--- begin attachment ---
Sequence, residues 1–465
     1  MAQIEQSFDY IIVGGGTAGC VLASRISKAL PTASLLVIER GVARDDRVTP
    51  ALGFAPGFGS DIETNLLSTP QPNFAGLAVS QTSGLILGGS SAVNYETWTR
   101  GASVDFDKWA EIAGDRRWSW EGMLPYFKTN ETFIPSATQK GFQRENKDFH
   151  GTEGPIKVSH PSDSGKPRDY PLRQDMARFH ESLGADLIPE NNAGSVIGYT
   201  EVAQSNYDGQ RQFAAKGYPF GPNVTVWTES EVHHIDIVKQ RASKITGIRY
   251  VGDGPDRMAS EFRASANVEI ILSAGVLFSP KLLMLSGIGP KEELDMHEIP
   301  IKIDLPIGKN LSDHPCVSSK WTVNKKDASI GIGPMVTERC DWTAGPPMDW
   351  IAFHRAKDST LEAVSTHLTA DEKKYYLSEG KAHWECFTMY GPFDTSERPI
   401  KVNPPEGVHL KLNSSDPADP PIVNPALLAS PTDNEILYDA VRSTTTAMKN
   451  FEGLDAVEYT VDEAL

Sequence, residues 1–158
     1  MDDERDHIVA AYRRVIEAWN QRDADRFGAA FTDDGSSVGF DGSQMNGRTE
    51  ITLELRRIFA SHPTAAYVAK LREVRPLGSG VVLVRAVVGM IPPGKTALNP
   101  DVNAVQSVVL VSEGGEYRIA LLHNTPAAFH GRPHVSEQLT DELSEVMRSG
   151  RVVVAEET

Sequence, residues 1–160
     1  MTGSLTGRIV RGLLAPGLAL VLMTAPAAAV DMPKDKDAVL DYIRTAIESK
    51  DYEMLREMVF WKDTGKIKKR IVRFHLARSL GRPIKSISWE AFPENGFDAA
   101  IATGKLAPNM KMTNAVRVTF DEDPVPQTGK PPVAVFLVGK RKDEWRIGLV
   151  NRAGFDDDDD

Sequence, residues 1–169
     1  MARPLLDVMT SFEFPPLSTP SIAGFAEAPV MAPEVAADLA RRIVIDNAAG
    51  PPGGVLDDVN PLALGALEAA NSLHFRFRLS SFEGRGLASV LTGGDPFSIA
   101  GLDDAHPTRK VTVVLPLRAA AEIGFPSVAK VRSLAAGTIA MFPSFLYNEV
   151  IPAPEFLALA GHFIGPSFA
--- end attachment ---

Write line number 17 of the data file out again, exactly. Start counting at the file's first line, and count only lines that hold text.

Sequence, residues 1–160